Life after (neuronal) death

  • Research

First publication date: 16/01/2020

The Research group led by Amanda Sierra and Jorge Valero at the Achucarro Basque Center for Neuroscience. Photo: Mikel Mtnez. de Trespuentes. UPV/EHU

Neuronal death, commonly associated with brain aging and disease, also affects young neurons. During brain development, newborn neurons undergo programmed cell death, a sort of cellular suicide called “apoptosis”. The brain rapidly eliminates the corpses to prevent becoming a cemetery through their engulfment of “phagocytosis” by the resident macrophages, the microglia.

However, phagocytosis is not merely a passive removal or debris, as shown by a recent study led by Jorge Valero and Amanda Sierra, from the Achucarro Basque Center for Neuroscience, the Ikerbasque Foundation, and the University of the Basque Country EHU/UPV in Spain. On the contrary, dead neuron phagocytosis is an active process that directly impacts on the health and function of the surrounding neurons.

Similar to a dead zebra in the African savannah, devoured by vultures and other scavengers whose depositions feed the soil and trigger the growth of plants that feed other zebras, so does microglia close the neuron life cycle.

To study this process, the researchers focused on the production of new neurons (neurogenesis) in a brain region essential for memory and learning, the hippocampus. In the adult hippocampus, the majority of the newborn neurons undergoes programmed death soon after they are born and are immediately engulfed and removed by microglia. The first cue showing that phagocytosis actively participated in neurogenesis came from Iñaki Paris, a PhD student in the group, who used genetic models of phagocytosis blockade provided by Greg Lemke at the Salk Institute in La Jolla, CA and Beata Sperlagh at the Institute of Experimental  Medicine in Budapest. In these mice, the phagocytosis impairment was accompanied by a neurogenesis reduction, suggesting some sort of signaling between the phagocytic microglia and the newborn neurons.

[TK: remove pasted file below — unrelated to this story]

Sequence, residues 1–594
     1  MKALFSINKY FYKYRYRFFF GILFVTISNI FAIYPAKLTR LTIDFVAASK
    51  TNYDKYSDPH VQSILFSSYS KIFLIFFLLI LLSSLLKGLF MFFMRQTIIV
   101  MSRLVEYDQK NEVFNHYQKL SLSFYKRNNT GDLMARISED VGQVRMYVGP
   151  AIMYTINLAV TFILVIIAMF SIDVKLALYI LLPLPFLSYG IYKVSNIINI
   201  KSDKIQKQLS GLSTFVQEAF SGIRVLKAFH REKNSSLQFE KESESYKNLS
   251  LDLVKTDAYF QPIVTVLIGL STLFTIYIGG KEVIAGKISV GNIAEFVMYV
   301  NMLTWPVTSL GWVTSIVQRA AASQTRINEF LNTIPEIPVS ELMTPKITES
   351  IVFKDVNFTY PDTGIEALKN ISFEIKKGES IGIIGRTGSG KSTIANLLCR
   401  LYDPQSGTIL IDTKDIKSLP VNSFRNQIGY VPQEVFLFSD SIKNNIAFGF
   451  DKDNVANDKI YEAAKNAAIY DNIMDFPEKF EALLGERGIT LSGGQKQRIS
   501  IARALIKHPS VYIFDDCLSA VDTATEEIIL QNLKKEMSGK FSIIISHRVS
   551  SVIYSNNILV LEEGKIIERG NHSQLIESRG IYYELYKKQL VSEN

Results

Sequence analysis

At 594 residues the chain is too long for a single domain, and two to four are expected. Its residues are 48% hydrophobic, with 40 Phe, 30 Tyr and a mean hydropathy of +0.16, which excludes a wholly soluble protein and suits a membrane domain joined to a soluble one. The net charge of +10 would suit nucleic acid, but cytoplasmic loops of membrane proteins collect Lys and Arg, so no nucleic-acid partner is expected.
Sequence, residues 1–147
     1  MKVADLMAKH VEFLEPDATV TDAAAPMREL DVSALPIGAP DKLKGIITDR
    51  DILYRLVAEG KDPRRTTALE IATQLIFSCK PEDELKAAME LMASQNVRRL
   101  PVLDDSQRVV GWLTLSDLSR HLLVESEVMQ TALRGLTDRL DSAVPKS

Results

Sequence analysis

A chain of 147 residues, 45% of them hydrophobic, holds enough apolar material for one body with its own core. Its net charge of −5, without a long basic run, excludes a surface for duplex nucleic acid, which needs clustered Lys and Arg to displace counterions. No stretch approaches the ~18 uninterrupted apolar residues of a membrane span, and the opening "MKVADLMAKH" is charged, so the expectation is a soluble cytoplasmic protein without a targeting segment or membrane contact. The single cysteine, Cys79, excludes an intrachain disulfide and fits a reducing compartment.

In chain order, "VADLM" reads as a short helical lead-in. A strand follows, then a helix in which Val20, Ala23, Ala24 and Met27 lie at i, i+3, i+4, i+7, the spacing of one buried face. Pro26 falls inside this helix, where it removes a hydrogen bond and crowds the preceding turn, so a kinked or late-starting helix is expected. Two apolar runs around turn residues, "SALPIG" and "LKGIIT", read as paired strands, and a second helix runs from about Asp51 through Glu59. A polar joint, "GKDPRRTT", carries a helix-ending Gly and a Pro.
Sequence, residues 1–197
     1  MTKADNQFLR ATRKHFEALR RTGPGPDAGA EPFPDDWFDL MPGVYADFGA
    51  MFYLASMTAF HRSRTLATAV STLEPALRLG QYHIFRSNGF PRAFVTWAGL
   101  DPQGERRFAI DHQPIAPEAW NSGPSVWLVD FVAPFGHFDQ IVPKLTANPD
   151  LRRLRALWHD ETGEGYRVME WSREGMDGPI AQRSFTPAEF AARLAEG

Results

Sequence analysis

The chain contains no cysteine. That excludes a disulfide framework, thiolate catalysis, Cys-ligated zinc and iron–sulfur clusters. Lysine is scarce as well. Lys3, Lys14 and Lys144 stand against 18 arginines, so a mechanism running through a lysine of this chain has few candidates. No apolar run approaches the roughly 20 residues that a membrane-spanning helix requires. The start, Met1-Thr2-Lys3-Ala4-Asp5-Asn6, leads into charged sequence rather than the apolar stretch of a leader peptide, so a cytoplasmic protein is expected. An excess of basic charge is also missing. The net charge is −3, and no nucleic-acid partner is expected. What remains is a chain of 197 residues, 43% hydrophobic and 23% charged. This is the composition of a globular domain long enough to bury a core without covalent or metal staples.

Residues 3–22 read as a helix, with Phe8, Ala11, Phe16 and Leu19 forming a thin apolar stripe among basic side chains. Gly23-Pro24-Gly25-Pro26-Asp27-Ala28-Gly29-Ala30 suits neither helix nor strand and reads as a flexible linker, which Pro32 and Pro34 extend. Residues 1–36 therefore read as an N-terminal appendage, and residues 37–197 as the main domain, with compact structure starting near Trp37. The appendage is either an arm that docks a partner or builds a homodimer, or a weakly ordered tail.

The answer to this hypothesis was found by another PhD student in the group, Irune Diaz-Aparicio. Feeding cultured microglia with apoptotic cells, she observed that far from being a passive process of debris removal, phagocytosis was in fact an extraordinarily active process that triggered a myriad of changes in microglia, from genes to metabolism. Some of these changes involved the secretome: the set of molecules released or secreted by phagocytic microglia, which contained signals that instructed the newborn cells to keep on dividing or differentiate into neurons. The secretome contained the signal between phagocytic microglia and the newborn neurons in the hippocampus and allowed to close the neurons life cycle.

The researchers propose that microglia act as a death sensor. When microglia detect high levels of cell death, they signal back to the neuron production system that too many cells are generated and the production must stop. On the contrary, when low levels of cell death are detected, the hippocampus can incorporate more neurons and the brake must be pulled off. Thus, the main conclusion of this study is that phagocytic microglia help to control the production of newborn neurons through their secretome, maintaining the equilibrium between neuronal life and death.

This study helps us understand how the brain fends for itself from the neuronal death that occurs during aging and neurodegenerative diseases such as Alzheimer´s, Parkinson´s, stroke or epilepsy. In these diseases, harnessing phagocytosis can be a new therapeutic strategy to accelerate debris removal and, in addition, to contribute to regenerate the damaged tissue through the phagocytic microglial secretome.


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